Star Wars: The Clone Wars has recently begun its third season on Cartoon Network on Fridays at 9:00 pm. In fact, the fourth episode, "Sphere of Influence," airs this week, featuring Papanoida (from Revenge of the Sith) who is modeled after creator George Lucas. This season "secrets are revealed, truths are questioned and alliances are betrayed," so director Dave Filoni  fills us in on how the series has evolved.
Bill Desowitz: What's new in season three?
Dave Filoni: I think this season, more than any other, we have a much grander scope; we stopped avoiding things like water, which, as you know, can be very hard to sim and we attacked a lot of these things head on. Visually, I think it's far more stunning and really getting to the caliber that Star Wars  fans are used to in the feature films. We've hit a stride and I'm pretty happy with the way things are looking. Storytelling wise, we learned so much after doing two seasons of this show. What we all liked; what we didn't like. And George has keenly been involved in that with the writers and me.
BD: How have you managed to raise the animation bar?
DF: I think it's the culmination of my artists becoming more experienced working together. I've been at Lucasfilm Animation for five years now and I have some really strong relationships with the artists here. My CG Supervisor, Joel Aron, is a 17-year veteran at Industrial Light & Magic, and he's brought a lot of trickery to The Clone Wars. He worked on A Perfect Storm, where they did an immense amount of water, so challenging him to bring that in a fashion to television was really fun for him, but the water planet, Kamino, which is where all the clones are born, we never could've done in the first two seasons because of the complexity of the environment. And now you're going to see the birth world of the clones in all its glory inside the barracks where they train; the massive battle where the Separatists attack the facilities; we under the water; we're over the water; we have crashing waves. It's all done in a way that the water will be the least thing that you recognize. It becomes a part of the story and a part of the planet, which is the best kind of effect.
BD: What else can we see more fully this season?
DF: Well, I think the environments as a whole and the improved facial expressions of the characters carry over from season two. The characters breathe more now, which is critical for a computer-animated show: to see air coming in and out of the body makes them look much more alive. So that's a big leap. And we also wanted to take the environments further. There's far more particles in the air. We're getting little details like trash on the ground; more of a softness to the environments, especially the organic environments. We're really challenging ourselves with organic environments to break some of the polygonic tendencies of the backgrounds and make these places feel lived in because that's something that Star Wars struck quite naturally: the lived in feeling of this galaxy, where you believed the depth of the histories from the way the costumes looked and the equipment was worn down. And now it rains anywhere we want and that came about from snow. Again, these are things when you are in the animation industry that you appreciate the level of attention going on.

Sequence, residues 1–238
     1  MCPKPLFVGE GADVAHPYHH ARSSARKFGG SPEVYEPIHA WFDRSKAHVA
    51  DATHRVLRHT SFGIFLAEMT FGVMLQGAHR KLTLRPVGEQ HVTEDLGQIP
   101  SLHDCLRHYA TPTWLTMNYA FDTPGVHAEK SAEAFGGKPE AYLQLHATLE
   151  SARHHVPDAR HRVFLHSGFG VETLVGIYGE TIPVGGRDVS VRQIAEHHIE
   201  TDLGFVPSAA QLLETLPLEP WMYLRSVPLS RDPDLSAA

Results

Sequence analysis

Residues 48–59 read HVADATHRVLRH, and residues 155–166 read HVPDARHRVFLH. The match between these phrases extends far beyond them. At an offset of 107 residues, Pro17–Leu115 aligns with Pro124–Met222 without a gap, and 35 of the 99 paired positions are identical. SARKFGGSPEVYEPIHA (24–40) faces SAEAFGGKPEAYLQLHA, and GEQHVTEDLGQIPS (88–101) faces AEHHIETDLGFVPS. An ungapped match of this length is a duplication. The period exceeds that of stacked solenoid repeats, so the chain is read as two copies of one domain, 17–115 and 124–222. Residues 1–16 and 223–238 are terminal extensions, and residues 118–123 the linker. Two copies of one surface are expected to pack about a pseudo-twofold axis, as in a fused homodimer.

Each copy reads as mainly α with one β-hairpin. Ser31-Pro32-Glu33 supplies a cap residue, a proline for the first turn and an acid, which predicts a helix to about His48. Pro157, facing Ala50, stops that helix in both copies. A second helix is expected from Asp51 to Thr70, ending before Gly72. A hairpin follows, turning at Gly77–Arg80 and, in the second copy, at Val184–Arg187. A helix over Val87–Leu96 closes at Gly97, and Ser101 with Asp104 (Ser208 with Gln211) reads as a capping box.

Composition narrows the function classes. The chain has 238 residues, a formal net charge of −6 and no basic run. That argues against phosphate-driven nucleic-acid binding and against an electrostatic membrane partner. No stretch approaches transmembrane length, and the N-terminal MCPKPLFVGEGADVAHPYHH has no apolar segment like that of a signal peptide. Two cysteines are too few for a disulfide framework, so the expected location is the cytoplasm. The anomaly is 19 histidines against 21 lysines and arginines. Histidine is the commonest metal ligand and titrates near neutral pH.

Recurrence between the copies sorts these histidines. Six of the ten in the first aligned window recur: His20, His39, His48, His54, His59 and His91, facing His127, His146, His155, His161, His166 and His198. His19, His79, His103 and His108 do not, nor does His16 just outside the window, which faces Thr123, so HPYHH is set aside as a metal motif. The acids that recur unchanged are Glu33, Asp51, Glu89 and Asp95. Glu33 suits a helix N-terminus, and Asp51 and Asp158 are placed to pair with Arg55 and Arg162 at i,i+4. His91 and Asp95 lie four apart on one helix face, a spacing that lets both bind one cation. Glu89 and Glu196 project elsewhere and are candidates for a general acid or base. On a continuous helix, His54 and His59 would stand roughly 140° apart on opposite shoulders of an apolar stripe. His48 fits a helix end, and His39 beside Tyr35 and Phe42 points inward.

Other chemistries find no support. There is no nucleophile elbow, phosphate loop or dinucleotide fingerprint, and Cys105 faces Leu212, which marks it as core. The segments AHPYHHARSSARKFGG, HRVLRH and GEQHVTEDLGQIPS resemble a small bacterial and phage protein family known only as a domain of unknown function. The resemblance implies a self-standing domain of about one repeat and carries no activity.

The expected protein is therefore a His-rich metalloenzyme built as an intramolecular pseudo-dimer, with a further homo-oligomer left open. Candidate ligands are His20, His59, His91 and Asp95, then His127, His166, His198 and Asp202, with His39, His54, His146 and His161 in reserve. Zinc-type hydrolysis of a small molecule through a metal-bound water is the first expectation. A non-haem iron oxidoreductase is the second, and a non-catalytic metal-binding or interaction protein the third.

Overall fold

BD: How have you improved the performances?
BD: Where is the story going this season?
DF: Well, I have to say that this season, more than any other, George really came with some really incredible ideas, which, as a Star Wars fan, were exciting. We're going to deal with Anakin as the chosen one and getting into more of what that means. We're going to get back to the Clones and that they're not all the same. Right off the bat we come on strong with these two Kamino episodes where we see these Clones more in their daily life and training, more as the everyman, instead of the Jedi, which are more like the Knights of the Roundtable. People seem to really identity with the Clones and we challenge the perspective of them being this prefabricated army.
They become ARC Troopers, which is something new this season. It's an advanced type of trooper: Advanced Recon Commando. We get more into the bizarre side stories: I always call them the Jabba's palace stories. When I was a kid and would watch Return of the Jedi, it was almost two movies to me: Jabba's palace, which is this crazy Muppet show of riff-raff folks in the galaxy that are hiding from the Empire or working with it, just the colorful side of Star Wars. Then there was bleak Empire, which was very black-and-white and imperial. So we have new episodes with Ziro the Hut and Cad Bane. And all throughout season three we have these classic connections to the original trilogy. I'll keep those secret for now, but fans of the original movies will definitely see things and that's going to be really interesting and revealing along the way.
Bill Desowitz is senior editor of AWN & VFXWorld.